This September, a new phase of internationalisation begins at TU Delft. Fourteen years after the university offered its first B.Sc. programme in English (a bachelor’s in aerospace engineering), a second English B.Sc. Applied Earth Sciences finally kicked off on September 1.
Spearheaded by the Department of Geoscience and Engineering, the faculty members and administrative staff have been working on the switch over the past year to ensure that not just course work, but all facilities were available in English on time.
Though a big task, things have been smooth so far. Almost 40% of the faculty’s staff is international, and for those that weren’t the transition and translation was not too difficult. The course also has a new website in English. While it is currently available in Dutch as well, the hope is to phase out the Dutch version with time.
“We didn’t advertise the course internationally this year, because we want to smooth out all the rough edges before a large number of international students join us,” says Professor Timo Heimovaara, Director of Studies, Applied Earth Sciences. There was a big demand for the course even among Dutch students, despite the switch to English. The first batch of the course has over 120 students and fewer than 10 of them are internationals. “Dutch students also understand that studying in English now will prepare them well for international jobs later,” says Heimovaara. From the few international students who are enrolled this year, they hope to get feedback on what improvements need to be made before they open to a wider international student body.
The other advantages of the change to English include the possibility of an exchange of staff with partner universities, more access to available research, and a move towards blended learning. All lectures that were not previously in English will be re-recorded by Collegerama as well.
When the course opens to an international market, hopefully in 2015, they hope to attract more quality students. “We need a larger source of students to sustain a classroom of over 100 students. The course itself is specialised and in high demand, and is more affordable than most other international options. A student has to pay £9,000 a year to study the UK whereas an EU student pays around €1,900 a year at TU. We hope that this will be a viable option for British students as well,” says Heimovaara.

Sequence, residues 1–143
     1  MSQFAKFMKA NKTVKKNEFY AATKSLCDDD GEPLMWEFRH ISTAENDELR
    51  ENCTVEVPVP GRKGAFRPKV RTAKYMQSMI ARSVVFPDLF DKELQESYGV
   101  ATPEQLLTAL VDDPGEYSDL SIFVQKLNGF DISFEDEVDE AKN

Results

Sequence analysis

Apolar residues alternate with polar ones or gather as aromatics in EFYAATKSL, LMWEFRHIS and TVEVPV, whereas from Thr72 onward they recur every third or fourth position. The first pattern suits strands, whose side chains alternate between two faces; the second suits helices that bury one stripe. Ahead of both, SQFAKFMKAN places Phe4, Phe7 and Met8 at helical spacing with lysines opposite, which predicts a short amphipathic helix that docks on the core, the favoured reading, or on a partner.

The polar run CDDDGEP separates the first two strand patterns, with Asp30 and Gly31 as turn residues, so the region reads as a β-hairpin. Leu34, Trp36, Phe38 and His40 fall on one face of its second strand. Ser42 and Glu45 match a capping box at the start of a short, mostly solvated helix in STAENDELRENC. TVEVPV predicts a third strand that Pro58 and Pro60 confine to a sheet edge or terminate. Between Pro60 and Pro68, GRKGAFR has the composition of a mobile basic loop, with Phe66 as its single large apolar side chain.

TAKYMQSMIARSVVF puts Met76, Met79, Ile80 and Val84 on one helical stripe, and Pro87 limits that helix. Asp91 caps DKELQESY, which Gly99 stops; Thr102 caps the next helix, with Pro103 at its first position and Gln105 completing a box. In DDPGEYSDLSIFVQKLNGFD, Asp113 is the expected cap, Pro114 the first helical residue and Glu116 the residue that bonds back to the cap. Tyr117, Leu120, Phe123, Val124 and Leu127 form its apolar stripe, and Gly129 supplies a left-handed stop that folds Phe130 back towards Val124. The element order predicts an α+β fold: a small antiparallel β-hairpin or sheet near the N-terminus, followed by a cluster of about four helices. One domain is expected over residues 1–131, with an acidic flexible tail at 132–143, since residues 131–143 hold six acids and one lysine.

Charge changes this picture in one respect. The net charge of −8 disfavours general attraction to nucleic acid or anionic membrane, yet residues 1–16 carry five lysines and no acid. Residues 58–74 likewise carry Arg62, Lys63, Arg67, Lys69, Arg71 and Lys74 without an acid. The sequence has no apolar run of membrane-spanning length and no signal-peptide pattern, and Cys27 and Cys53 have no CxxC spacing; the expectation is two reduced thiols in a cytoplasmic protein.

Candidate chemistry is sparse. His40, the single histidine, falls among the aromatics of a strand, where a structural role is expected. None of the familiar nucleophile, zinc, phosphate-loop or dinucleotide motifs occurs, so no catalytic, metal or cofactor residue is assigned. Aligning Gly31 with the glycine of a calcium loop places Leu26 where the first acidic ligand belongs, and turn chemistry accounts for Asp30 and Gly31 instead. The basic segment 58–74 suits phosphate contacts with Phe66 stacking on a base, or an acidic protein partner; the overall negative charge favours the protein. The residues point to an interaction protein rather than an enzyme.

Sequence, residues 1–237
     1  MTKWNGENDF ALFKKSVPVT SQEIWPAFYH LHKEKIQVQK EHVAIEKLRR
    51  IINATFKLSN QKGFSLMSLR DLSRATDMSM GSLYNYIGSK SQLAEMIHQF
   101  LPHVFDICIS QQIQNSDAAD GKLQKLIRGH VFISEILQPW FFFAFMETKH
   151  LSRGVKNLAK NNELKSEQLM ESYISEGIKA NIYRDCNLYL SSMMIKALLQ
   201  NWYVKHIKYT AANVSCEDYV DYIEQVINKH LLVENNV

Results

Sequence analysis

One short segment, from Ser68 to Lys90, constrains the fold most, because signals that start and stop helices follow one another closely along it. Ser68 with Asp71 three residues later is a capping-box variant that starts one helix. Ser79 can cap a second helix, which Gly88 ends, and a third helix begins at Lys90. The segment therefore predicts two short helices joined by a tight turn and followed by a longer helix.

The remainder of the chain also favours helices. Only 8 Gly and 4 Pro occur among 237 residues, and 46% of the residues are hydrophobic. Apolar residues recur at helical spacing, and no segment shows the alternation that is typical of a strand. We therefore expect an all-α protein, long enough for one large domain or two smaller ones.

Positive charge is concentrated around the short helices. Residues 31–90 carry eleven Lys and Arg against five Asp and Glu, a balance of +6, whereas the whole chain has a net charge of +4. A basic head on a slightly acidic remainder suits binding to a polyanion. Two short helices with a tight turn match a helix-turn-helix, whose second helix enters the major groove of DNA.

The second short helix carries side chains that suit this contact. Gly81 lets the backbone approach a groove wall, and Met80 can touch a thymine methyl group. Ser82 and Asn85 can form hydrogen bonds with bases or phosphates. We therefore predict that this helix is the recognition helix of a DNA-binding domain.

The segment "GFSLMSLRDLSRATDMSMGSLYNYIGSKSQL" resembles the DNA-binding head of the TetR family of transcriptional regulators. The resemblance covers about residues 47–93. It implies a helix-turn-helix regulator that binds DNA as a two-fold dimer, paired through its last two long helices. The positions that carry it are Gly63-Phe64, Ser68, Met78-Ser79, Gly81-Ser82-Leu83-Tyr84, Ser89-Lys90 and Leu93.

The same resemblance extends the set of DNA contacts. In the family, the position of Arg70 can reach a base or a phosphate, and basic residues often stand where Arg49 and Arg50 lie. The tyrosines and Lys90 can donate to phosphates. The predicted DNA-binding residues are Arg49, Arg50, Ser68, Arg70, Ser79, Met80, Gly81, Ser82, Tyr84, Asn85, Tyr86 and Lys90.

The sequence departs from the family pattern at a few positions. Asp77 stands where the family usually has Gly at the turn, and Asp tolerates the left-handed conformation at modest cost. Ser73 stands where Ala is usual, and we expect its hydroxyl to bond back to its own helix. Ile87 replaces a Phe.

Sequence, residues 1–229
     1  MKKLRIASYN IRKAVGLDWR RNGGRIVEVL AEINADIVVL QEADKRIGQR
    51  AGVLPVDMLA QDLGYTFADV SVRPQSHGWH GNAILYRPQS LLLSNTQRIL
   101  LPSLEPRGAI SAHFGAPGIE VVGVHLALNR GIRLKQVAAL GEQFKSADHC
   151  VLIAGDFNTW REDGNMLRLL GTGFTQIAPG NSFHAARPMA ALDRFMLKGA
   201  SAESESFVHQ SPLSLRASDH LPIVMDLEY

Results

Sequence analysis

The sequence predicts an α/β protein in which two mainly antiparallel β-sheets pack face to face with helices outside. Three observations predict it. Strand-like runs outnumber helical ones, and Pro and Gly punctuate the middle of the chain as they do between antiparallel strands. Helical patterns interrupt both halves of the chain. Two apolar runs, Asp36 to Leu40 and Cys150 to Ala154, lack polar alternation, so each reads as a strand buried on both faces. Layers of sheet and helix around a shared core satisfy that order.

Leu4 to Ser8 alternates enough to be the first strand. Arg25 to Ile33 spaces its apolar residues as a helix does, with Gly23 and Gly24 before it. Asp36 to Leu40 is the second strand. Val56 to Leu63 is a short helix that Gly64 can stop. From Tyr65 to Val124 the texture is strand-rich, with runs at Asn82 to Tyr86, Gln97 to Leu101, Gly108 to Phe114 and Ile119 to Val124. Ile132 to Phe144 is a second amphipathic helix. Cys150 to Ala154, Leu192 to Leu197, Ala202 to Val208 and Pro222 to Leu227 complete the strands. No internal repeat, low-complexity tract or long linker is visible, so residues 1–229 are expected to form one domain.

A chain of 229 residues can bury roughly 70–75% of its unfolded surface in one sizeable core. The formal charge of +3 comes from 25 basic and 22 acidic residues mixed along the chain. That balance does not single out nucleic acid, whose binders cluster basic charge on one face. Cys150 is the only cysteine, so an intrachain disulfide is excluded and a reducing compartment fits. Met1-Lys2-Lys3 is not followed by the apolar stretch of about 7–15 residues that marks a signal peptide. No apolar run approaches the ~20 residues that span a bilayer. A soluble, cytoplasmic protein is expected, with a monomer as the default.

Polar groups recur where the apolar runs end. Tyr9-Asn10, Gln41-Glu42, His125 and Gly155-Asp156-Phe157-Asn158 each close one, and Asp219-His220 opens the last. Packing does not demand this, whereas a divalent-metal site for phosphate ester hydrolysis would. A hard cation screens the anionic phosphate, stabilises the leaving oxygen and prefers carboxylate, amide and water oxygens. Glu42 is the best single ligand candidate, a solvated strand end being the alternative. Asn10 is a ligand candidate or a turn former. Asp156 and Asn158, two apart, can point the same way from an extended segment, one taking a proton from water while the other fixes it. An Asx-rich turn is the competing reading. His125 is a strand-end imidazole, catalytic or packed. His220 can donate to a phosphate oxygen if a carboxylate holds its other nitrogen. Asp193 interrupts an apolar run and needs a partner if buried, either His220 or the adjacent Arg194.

The faculty’s student committee, Mijnbouwkundige Vereeniging, is also transitioning to English. Their annual weekend excursion, which took the students from company visits and introductory sessions, to a barbeque and an afternoon on the beach, was conducted entirely in English. “Because the bachelor’s will be in English this year, the excursion had to be in English too. There were 80 participants and 3 of them did not speak Dutch. We tried to do every speech in English, sometimes this was difficult but we think that everyone was satisfied,” said Talitha Groenewold, one of the education officers of the student committee. Groenewold says that while their website has always been bilingual, they are working on a new one to specifically cater to international students. “When you study Applied Earth Sciences, it is really easy to go and work abroad after graduating. There are some companies here where people do not always speak Dutch, so that is why it is also useful to have a bilingual website.”